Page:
Volume Expanders (Nursing)

by Corey Hardin, BSN, RN, CCRN-CMC, CV-BC

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    00:01 Okay, let's go to our volume expanders. Right? So we identified that the patient's blood pressure is low because we need to give the patient volume. Right? Well, we have some things that we can do for that. Okay, if we want to increase our preload in our pulmonary artery diastolic, we want to increase our pressure is going in to the left and right ventricle. We could start with crystalloids. Your crystalloids are going to be your normal saline and your Lactated Ringer's. Okay? Now the primary job of this is to expand your circulatory volume. It's going to increase your CVP and your PAD. And we're usually going to use isotonic solutions for this. Right? Just keep in mind that hypotonic solutions can cause more fluid to leave the vascular space.

    00:45 So if you accidentally grab D5W or half NS and you start that thinking you're starting just normal saline, you actually may drop your CVP because that fluid is leaving the vasculature space and going into the cells or the 3rd space.

    01:01 And then keep in mind with Lactated Ringer's if it's used in liver dysfunction it can cause a lactate accumulation so you may increase your lactate level.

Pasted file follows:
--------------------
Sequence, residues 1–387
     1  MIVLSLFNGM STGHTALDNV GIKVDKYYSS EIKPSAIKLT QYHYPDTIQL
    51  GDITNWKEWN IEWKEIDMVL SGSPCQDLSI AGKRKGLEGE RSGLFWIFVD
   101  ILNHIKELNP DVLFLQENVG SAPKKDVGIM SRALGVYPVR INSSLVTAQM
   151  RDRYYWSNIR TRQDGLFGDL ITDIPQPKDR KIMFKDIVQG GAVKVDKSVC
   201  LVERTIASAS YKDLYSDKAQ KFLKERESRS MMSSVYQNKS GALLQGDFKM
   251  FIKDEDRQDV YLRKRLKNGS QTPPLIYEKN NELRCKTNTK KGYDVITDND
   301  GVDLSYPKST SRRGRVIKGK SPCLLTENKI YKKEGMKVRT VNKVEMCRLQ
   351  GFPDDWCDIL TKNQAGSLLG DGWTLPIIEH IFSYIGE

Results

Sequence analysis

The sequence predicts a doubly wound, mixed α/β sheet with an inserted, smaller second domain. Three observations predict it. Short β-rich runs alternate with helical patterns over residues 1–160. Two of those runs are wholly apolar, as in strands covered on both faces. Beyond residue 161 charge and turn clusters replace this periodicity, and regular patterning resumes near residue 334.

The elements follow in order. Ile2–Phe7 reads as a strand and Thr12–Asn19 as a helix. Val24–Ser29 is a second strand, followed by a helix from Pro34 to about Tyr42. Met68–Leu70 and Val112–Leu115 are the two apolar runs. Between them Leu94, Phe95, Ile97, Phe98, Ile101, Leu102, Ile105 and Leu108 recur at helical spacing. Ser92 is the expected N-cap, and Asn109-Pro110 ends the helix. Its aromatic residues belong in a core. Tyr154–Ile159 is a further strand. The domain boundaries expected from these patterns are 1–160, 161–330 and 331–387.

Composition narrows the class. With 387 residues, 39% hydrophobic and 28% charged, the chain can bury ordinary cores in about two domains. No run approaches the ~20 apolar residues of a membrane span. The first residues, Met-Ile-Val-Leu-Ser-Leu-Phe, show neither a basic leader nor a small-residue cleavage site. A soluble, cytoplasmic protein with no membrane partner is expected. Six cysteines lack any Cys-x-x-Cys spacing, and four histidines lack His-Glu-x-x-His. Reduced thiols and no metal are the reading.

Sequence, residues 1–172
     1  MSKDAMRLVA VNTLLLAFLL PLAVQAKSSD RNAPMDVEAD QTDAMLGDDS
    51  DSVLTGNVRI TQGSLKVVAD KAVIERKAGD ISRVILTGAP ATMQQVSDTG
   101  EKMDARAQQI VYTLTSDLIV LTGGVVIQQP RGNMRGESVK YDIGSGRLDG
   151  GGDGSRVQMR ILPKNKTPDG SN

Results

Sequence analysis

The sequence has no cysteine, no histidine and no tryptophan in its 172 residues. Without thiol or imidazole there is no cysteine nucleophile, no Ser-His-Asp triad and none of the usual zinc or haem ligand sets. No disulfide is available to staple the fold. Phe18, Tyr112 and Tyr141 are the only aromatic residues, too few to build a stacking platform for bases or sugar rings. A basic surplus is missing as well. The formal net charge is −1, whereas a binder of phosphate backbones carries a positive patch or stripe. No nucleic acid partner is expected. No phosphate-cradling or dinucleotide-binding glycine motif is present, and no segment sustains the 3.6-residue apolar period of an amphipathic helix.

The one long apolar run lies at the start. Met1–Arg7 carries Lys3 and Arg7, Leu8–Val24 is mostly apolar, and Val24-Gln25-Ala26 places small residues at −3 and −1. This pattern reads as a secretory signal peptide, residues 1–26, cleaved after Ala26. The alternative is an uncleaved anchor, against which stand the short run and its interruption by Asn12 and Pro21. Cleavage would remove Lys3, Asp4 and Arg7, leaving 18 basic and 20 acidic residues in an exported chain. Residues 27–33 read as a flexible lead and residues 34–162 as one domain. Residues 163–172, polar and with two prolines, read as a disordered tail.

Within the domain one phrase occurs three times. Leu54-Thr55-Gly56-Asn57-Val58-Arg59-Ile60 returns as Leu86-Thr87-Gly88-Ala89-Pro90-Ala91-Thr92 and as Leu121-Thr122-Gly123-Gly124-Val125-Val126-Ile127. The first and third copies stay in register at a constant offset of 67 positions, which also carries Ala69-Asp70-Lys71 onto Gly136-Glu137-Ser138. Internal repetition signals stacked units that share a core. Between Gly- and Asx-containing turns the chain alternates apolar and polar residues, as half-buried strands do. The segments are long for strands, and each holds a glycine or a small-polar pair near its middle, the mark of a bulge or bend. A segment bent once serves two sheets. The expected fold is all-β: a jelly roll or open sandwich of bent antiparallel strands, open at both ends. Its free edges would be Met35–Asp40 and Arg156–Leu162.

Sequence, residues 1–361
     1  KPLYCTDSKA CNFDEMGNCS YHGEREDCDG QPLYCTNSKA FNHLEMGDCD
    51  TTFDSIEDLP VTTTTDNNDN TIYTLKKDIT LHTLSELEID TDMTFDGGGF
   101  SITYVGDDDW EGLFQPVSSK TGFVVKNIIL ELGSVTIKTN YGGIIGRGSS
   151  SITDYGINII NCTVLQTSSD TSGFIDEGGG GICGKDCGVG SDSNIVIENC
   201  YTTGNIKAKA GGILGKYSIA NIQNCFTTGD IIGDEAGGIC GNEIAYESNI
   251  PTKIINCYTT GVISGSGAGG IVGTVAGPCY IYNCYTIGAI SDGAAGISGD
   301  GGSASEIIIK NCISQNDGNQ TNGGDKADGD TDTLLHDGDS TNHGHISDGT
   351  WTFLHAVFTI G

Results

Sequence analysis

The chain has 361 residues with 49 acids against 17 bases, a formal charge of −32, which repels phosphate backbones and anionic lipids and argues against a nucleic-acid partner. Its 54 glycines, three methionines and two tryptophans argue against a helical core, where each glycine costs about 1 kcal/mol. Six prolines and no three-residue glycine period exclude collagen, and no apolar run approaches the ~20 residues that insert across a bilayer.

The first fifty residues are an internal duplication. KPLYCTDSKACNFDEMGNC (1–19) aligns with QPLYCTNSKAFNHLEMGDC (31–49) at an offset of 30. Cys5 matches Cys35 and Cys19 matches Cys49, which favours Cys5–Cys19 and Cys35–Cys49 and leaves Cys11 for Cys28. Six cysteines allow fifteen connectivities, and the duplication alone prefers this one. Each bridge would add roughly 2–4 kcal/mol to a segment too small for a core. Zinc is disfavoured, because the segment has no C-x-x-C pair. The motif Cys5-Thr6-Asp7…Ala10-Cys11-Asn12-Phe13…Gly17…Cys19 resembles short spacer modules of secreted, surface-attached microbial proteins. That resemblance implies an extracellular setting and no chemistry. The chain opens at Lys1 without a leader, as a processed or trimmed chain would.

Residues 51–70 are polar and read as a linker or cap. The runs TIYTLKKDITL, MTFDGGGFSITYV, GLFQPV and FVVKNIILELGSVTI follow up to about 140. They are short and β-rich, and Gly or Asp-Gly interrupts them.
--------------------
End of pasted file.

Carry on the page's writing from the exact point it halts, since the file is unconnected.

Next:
01:10 Our second volume expander is colloids. This is going to be your Hespan and your albumin.

    01:16 Right? So the primary job is to expand circulatory volume and again to increase our CVP and our PAD. Now, if we use albumin, it's going to increase our oncotic pressure and draw more fluid from the extravascular compartment to the intravascular compartment. Now we have albumins of 5% and 25%, 5% is more of just a volume expander, doesn't really affect the oncotic pressure too much but if we're given 25% we really want to the body to pull more fluid into the intravascular space. Adverse effect of this is hypervolemia so we get too much volume into the vascular space. We may cause CHF symptoms with patients that have congestive heart failure and we can cause pulmonary edema because all that extra fluid is going to go on to the lungs. Now, keep in mind though if the patient is anemic and has a low hemoglobin or low hematocrit, we should always give red blood cells to administer rather than colloids or crystalloids.

    About the Lecture

    The lecture Volume Expanders (Nursing) by Corey Hardin, BSN, RN, CCRN-CMC, CV-BC is from the course Hemodynamic Medications (Nursing).

    Included Quiz Questions

    1. D5W
    2. 0.9 % normal saline
    3. Lactated ringers
    4. Albumin

    Author of lecture Volume Expanders (Nursing)

     Corey Hardin, BSN, RN, CCRN-CMC, CV-BC

    Corey Hardin, BSN, RN, CCRN-CMC, CV-BC

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